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Corneal biomechanics in asymmetrical normal-tension glaucoma

Authors Helmy H, Leila M, Atef Zaki A

Received 4 August 2015

Accepted for publication 21 January 2016

Published 18 March 2016 Volume 2016:10 Pages 503—510


Checked for plagiarism Yes

Review by Single anonymous peer review

Peer reviewer comments 4

Editor who approved publication: Dr Scott Fraser

Hazem Helmy,1 Mahmoud Leila,2 Ahmed Atef Zaki3

1Department of Glaucoma and Optic Nerve Diseases, 2Retina Department, 3Corneal Diseases Department, Research Institute of Ophthalmology, Cairo, Egypt

Purpose: We aimed to assess corneal biomechanics using the ocular response analyzer in patients with normal-tension glaucoma (NTG), and to evaluate the relationship between corneal biomechanics and visual field loss.
Methods: This was a prospective observational case series including patients with bilateral asymmetric NTG. For all patients, corneal hysteresis (CH), corneal resistance factor (CRF), CH - CRF difference, and central corneal thickness values were matched against the mean deviation (MD) of the visual field and the cup/disc ratio. For paired-eye comparison in each patient, both eyes were categorized into a better-eyes group and a worse-eyes group according to lower and higher corneal-compensated intraocular pressure readings, respectively. Statistical analysis was carried out with the independent-samples Student’s t-test, and the level of statistical significance was set at 0.05. Correlation was assessed using Pearson’s correlation coefficient.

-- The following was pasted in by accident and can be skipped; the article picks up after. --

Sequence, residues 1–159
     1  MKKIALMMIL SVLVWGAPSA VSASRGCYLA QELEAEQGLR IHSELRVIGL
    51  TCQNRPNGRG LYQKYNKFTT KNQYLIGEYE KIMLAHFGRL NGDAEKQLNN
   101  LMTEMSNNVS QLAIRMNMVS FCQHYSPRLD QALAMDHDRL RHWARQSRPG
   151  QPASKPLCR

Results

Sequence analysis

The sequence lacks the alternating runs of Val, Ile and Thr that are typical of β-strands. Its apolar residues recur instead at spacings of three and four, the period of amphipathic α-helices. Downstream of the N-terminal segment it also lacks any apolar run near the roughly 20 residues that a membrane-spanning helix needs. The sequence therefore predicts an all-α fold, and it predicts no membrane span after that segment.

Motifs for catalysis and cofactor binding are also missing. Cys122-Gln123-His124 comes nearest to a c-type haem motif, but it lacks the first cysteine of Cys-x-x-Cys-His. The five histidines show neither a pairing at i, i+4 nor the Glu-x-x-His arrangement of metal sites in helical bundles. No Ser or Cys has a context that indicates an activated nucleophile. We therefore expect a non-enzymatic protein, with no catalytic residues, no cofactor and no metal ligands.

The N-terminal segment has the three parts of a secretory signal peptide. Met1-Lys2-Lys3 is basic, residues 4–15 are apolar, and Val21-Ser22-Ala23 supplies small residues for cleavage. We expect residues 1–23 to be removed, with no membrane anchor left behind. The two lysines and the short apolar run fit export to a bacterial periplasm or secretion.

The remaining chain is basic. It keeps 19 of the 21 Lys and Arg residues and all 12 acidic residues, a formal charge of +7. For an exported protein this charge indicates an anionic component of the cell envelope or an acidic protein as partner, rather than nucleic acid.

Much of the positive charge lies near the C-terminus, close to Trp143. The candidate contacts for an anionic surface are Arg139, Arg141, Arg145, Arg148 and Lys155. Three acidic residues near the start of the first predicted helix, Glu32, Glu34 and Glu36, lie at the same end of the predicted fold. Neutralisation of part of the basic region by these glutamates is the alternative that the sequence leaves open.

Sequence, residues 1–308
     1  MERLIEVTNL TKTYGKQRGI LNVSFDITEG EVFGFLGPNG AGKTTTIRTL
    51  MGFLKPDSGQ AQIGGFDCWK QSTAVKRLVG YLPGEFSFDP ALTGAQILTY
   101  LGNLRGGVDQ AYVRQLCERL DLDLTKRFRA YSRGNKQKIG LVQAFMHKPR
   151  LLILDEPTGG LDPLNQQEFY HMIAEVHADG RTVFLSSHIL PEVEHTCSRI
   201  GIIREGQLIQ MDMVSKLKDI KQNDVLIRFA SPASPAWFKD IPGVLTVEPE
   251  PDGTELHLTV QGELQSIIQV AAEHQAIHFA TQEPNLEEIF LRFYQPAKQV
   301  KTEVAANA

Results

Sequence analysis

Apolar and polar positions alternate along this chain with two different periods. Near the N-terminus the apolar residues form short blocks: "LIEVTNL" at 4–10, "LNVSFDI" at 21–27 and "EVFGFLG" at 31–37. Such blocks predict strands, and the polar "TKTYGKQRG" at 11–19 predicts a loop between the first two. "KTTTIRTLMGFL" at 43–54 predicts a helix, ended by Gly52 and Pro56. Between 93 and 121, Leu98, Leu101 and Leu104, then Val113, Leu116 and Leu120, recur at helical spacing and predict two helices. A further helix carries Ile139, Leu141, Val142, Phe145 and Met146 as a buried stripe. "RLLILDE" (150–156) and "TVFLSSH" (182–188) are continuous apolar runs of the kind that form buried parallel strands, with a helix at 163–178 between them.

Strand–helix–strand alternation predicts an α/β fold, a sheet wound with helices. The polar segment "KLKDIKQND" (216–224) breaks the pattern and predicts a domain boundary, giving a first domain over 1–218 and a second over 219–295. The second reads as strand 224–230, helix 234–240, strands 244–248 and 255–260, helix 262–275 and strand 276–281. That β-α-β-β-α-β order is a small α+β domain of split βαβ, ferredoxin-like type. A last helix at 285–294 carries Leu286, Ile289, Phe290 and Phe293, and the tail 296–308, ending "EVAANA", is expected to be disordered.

Results: The study included 240 eyes of 120 patients. CH was inversely proportional to the MD in the visual field (P=0.01). CRF in both eyes was inversely proportional to the MD of the visual field (P=0.01). CH - CRF difference was directly proportional to the MD of the visual field (P=0.01). For paired-eye comparison, lower corneal-compensated intraocular pressure was associated with higher CH, higher CRF, smaller cup/disc ratio, and less deterioration of MD of visual field.
Conclusion: CH, CRF, and CH - CRF are more powerful predictors of NTG progression than central corneal thickness.

Keywords: corneal-compensated intraocular pressure, corneal hysteresis, corneal resistance factor

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